Originally published on Bookish.com, our sister company.
In 2005, Jeannette Walls published The Glass Castle and welcomed the world into her unique family. With the film adaptation in theaters, Walls is on the road sharing her story and her thoughts on the cinematic version of her life. Bookish had the chance to listen to her speak at a stop in New York, and get her thoughts on the movie.
The path to adapting The Glass Castle has been a long but worthwhile one for Jeannette Walls. Her first attempt at writing her family history started in her 20s, but the memoir didn’t take shape until her husband entered the picture. “My husband pulled the truth out of me,” Walls confesses. “He thought I was exaggerating when I first told him about my childhood.”
The first draft took six weeks to write and five years to rewrite. Walls sought honesty and truth in those rewrites more than anything else. “If there’s something so horrible and painful you cannot imagine putting it down in words, that means you must, because it’s pivotal,” Walls says. “And then you confront [it.] You say, ‘Am I being honest? No. I need to go a little bit deeper.’”
Walls admits there were days when she’d cry under her desk after writing, but she still recommends it. “It was extremely cathartic… you have to be fearless about it… [and] once you write something, you kind of own it and it doesn’t affect you the same way… The trick is not pretending that you don’t have those issues. It’s kind of owning them.”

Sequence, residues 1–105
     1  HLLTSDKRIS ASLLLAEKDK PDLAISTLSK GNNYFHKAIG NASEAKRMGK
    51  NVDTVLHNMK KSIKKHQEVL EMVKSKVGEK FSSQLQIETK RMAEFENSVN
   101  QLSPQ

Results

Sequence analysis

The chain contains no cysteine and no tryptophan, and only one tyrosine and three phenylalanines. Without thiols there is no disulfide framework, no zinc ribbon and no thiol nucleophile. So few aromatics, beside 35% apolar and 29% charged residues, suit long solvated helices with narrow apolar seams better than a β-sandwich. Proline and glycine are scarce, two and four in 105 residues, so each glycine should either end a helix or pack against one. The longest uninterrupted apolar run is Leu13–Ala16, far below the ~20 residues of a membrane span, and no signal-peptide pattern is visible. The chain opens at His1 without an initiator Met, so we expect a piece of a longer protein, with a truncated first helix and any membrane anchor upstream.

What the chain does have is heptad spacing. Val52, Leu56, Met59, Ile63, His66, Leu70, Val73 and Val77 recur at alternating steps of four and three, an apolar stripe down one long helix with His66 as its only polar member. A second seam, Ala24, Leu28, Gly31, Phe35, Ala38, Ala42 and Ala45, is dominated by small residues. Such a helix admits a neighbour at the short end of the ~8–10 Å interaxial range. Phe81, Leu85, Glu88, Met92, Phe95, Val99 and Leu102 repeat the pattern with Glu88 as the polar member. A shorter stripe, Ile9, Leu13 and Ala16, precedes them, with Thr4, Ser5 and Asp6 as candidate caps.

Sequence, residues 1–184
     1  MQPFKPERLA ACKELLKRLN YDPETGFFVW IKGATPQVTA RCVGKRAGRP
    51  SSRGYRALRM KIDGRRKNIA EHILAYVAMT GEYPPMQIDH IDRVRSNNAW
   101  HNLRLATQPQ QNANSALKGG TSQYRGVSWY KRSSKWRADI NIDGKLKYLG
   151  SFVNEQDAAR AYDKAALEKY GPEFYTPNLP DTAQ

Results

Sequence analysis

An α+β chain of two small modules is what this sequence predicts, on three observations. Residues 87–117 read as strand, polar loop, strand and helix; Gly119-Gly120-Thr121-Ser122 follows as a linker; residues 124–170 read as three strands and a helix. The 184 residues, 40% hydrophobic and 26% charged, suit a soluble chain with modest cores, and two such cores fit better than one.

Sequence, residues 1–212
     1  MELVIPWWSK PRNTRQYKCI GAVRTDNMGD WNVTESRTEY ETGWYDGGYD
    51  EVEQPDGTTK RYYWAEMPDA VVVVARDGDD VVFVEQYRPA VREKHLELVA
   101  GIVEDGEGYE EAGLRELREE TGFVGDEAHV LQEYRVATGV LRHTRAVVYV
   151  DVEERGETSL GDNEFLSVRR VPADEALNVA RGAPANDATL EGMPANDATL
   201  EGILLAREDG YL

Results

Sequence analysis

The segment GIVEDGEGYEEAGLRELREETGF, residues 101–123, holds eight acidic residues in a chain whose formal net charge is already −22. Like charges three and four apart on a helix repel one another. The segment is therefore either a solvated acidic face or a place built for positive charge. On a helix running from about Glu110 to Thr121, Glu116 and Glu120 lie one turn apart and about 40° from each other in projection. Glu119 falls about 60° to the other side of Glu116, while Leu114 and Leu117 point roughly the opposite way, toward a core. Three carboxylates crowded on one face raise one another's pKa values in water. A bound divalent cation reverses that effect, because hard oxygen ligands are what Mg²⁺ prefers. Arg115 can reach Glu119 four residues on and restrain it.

Once published, the book caught the attention of quite a few filmmakers, but none of the scripts seemed to truly capture what Walls’ childhood and family life had been like until Gil Netter, who produced Life of Pi, entered the picture. “I figured if he knew how to make a movie about a Bengal tiger and an orangutan in a boat, then he would know how to make a movie about my family,” Walls joked.
Netter brought on Destin Daniel Cretton to direct, and after watching Cretton’s Short Term 12, Walls knew that she could trust him with her own story. “It’s real easy to make fun of drunks and make fun of crazy homeless people and he was never going for the cheap shot.” Walls says of Cretton’s direction. “It was just brilliant from day one. He consulted with me on a regular basis.”
Walls was invited to the set multiple times, though seeing the final product still blew her away. “I had a bit of a meltdown watching it,” she says. “They didn’t gloss over the weird, ugly stuff, but they also didn’t ignore the joy… I was just so grateful to Destin and each of the actors for doing layered, nuanced storytelling.”
She hopes that the film affects viewers in the same way. After the publication of the memoir, Walls was often sought out by readers who were touched by her story and felt it connected to their own. This, she shares, is why she felt so compelled to write. “When one person tells a story, it opens up other people to tell stories and that, to me, is why we tell our stories. It’s for those emotional connections that [show] we’re not alone.”
As the conversation wound down, Walls shared the new insight the film had given her about her family and her relationship with them. She confessed that it allowed her to support herself in a way she hadn’t before. “One of the transformative things about watching this movie was seeing Brie Larson making these tough choices. I loved her and was, like, rooting for [her] in a way that I never loved or rooted for myself.”
The Glass Castle hit theaters on August 11, 2017.